Spotlight on Pagan Music

A weekly feature highlighting the best music from Pagan, Pagan – influenced, and occult artists. You can hear many of these artists on my weekly radio show and podcast, or you can check out the annual “Darker Shade of Pagan” music special available for download online.

CORVUS CORAX


Corvus Corax

Band Bio:
Already in the mid 80s the Corvus Corax minstrels were roaming as street performers throughout the country (East Germany). They found fragments of medieval-secular music in old writings and reworked them, in a completely new way. Many medieval bands have sought to emulate the style of Corvus Corax and there is certainly no medieval market in Germany where the songs from Corvus Corax are not played. The 5 bag pipe players and 3 percussionists of Corvus Corax have created an unmistakable sound, which unites the haunting medieval melodies with hypnotic dance rhythms and drives audiences wild every time they play. Corvus Corax have long been acclaimed for their legendary concerts and few can avoid getting caught up in the ecstatic power of their acoustic performance in their fantastic self-created costumes.

Corvus Corax web site.
Corvus Corax MySpace page.
English fan site.

Song download:
Their song “Filii Neidhardi” appears on the 5th annual “Darker Shade of Pagan” special available for download, here.

Corvus Corax side-projects (with sound samples and downloads)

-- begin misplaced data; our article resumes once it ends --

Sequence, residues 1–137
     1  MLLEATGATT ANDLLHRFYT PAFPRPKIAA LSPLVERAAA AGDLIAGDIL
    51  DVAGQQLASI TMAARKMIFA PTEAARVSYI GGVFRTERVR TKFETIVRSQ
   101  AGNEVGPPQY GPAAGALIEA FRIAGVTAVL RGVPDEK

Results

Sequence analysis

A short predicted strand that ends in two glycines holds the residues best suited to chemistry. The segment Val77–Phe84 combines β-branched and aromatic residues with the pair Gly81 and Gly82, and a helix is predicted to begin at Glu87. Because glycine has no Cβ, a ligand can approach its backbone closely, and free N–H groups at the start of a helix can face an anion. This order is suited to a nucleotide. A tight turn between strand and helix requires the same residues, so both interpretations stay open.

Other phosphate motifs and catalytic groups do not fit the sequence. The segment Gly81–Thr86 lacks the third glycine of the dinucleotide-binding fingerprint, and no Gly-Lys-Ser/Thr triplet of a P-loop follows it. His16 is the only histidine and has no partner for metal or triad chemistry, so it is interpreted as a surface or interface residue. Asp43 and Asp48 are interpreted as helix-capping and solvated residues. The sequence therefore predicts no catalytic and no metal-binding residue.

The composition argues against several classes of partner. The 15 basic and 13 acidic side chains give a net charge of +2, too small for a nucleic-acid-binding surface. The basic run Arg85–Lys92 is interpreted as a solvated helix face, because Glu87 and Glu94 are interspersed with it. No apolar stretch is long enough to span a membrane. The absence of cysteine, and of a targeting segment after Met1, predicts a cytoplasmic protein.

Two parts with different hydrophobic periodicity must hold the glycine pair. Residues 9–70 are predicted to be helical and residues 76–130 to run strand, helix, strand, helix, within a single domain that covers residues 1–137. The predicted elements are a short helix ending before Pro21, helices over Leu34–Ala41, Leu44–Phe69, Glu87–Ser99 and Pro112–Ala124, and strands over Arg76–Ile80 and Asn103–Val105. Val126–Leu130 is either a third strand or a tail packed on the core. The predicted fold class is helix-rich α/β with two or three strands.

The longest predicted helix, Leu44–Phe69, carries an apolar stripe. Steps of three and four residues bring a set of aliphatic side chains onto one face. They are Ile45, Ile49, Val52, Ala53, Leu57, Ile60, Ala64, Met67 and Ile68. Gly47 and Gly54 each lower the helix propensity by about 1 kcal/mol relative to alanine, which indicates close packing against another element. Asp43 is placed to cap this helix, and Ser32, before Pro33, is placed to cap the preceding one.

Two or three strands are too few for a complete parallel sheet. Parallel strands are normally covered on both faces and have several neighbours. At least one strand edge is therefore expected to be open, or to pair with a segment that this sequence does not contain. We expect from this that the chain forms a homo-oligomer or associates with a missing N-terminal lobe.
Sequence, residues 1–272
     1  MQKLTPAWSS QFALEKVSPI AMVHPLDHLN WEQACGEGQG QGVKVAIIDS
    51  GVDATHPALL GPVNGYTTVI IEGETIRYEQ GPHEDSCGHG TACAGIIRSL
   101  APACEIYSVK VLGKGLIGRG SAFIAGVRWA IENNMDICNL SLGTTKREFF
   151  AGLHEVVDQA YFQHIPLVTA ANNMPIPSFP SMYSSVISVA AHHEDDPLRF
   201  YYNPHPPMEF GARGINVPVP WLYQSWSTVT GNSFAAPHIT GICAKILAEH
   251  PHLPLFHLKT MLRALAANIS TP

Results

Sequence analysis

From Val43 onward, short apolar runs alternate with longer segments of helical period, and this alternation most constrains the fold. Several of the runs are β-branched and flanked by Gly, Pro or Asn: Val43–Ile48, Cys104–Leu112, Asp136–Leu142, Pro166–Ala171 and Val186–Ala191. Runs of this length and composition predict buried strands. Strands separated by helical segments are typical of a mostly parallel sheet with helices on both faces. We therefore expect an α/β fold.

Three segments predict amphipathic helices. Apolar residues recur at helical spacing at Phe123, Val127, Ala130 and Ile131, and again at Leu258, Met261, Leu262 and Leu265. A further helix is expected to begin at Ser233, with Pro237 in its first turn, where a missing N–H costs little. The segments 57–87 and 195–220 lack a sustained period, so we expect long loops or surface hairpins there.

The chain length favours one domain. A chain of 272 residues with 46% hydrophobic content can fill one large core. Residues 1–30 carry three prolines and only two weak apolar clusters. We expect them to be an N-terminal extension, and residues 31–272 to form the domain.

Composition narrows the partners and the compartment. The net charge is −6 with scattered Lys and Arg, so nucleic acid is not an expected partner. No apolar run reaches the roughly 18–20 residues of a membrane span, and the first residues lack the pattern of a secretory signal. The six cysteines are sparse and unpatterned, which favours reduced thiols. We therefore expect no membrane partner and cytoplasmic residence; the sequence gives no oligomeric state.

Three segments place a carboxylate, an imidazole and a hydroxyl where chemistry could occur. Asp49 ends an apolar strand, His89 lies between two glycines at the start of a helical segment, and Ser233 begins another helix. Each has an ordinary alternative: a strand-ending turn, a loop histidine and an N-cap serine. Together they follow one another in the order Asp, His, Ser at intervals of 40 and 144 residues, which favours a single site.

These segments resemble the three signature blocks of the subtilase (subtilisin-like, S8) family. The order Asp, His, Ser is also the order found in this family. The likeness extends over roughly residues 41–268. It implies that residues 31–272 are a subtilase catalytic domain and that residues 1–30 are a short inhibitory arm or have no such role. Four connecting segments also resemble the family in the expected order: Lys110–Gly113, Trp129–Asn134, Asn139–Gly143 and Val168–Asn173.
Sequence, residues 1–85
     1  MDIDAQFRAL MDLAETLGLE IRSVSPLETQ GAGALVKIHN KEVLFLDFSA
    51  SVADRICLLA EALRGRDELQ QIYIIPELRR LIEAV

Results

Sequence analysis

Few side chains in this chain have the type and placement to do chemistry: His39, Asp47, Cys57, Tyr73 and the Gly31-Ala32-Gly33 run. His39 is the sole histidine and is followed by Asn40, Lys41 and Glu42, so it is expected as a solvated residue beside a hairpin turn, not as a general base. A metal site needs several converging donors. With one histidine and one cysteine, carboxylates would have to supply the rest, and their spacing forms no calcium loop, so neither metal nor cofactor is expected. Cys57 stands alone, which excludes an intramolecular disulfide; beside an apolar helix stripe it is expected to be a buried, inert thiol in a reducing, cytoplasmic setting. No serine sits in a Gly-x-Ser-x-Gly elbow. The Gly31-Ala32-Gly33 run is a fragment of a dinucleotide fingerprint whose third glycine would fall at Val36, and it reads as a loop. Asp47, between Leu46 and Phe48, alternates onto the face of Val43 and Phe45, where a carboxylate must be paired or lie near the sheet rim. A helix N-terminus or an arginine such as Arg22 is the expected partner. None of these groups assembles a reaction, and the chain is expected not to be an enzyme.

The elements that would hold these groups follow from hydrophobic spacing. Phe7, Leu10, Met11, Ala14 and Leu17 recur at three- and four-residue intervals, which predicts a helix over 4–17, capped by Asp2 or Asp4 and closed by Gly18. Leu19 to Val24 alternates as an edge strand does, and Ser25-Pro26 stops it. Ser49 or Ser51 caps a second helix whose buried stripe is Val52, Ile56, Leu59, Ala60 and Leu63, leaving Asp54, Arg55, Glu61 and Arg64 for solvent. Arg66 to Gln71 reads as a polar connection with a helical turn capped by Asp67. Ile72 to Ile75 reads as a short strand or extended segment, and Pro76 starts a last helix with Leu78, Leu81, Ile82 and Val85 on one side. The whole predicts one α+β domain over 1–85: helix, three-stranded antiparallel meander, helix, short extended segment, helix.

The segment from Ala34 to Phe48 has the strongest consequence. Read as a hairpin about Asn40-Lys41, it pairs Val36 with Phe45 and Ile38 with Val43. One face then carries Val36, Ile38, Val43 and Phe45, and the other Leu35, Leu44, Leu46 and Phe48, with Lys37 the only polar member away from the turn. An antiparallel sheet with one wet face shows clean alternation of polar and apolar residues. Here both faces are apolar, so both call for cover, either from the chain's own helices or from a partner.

Cantus Buranus (MySpace)
Castus Rabensang (MySpace)
Cornix Maledictum (MySpace)
Tanzwut
Cultus Ferox (former members)

Video download:
Cantus Buranus videos.

Reviews:
“Imagine bagpipes and percussion performed by a group of eight men who look, if the cover photo is any indication, like the outest of outlaws — in this version, an outrageous blend of leather drag, half masks, monks’ robes and period instruments. (I gather that this is more or less normal — some sources refer to the musicians performing “half-naked, dressed in unusual clothes, wearing different ancient decorations, and often tattooed.” Sounds like my kind of people.) The music is totally captivating. Largely instrumental, the sources are medieval but branch out into world-beat and contemporary rock, and probably a few other places I haven’t figured out yet.”Green Man Review

“While other artists such as Faith and the Muse and Loreena McKennitt would infuse modern music in with medieval folk music, the band relies solely on a combination of pounding percussion and instruments such as bagpipes and shawms, transporting the listener back to a time of swordfights and jousting, knights in armor and tartan-clad warriors…”ReGen Magazine

“A great idea whose time – well, came about 500 years ago, but you can’?t keep a good pack of leather-toga-draped medieval minstrels down. Historically correct in every aspect, Corvus Corax has been a fixture at German ren fairs and the like for twenty years, playing extinct music on painstakingly researched hand-made instruments. Whereas bagpipes are the weapon of choice for the front quintet, fearsome kettle drums hold down the percussive fort in the primal tradition of Stomp, Blue Man Group or like concepts geared more toward mass hypnosis than intricacy…”Glide Magazine

My Two Cents:
What do you think of when you think “bagpipes”? Do you think of a band of scantily clad men from East Germany stomping across Europe like modern barbarians? If not you might want to start. This is what would happen if heavy metal was played with bagpipes, flutes, and drums. A brilliant cacophony of ancient and modern that is at home at Renn. fairs as it is on modern dance floors. If modern Pagan music seems a little too wimpy and anemic for you, Corvus Corax might just be the remedy.

Further Reading:
Interview with Corvus Corax. Another interview.

Jason Pitzl-Waters

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